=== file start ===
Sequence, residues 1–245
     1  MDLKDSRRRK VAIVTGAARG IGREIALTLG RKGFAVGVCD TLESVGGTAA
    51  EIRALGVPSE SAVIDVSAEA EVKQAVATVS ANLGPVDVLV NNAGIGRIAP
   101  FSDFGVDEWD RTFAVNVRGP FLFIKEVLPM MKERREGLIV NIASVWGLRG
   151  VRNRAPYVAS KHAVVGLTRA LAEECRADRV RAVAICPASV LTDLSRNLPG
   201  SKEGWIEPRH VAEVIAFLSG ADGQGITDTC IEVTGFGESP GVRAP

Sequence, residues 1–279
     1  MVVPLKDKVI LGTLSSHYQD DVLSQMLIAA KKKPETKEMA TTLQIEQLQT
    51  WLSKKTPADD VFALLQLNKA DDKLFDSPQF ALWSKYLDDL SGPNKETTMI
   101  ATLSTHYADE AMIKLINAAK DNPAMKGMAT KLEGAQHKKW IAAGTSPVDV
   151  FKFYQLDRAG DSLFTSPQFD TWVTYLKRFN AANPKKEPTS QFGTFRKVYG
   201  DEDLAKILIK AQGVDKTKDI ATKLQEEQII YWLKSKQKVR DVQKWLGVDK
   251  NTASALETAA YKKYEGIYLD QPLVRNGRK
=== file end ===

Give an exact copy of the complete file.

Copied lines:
Sequence, residues 1–245
     1  MDLKDSRRRK VAIVTGAARG IGREIALTLG RKGFAVGVCD TLESVGGTAA
    51  EIRALGVPSE SAVIDVSAEA EVKQAVATVS ANLGPVDVLV NNAGIGRIAP
   101  FSDFGVDEWD RTFAVNVRGP FLFIKEVLPM MKERREGLIV NIASVWGLRG
   151  VRNRAPYVAS KHAVVGLTRA LAEECRADRV RAVAICPASV LTDLSRNLPG
   201  SKEGWIEPRH VAEVIAFLSG ADGQGITDTC IEVTGFGESP GVRAP

Sequence, residues 1–279
     1  MVVPLKDKVI LGTLSSHYQD DVLSQMLIAA KKKPETKEMA TTLQIEQLQT
    51  WLSKKTPADD VFALLQLNKA DDKLFDSPQF ALWSKYLDDL SGPNKETTMI
   101  ATLSTHYADE AMIKLINAAK DNPAMKGMAT KLEGAQHKKW IAAGTSPVDV
   151  FKFYQLDRAG DSLFTSPQFD TWVTYLKRFN AANPKKEPTS QFGTFRKVYG
   201  DEDLAKILIK AQGVDKTKDI ATKLQEEQII YWLKSKQKVR DVQKWLGVDK
   251  NTASALETAA YKKYEGIYLD QPLVRNGRK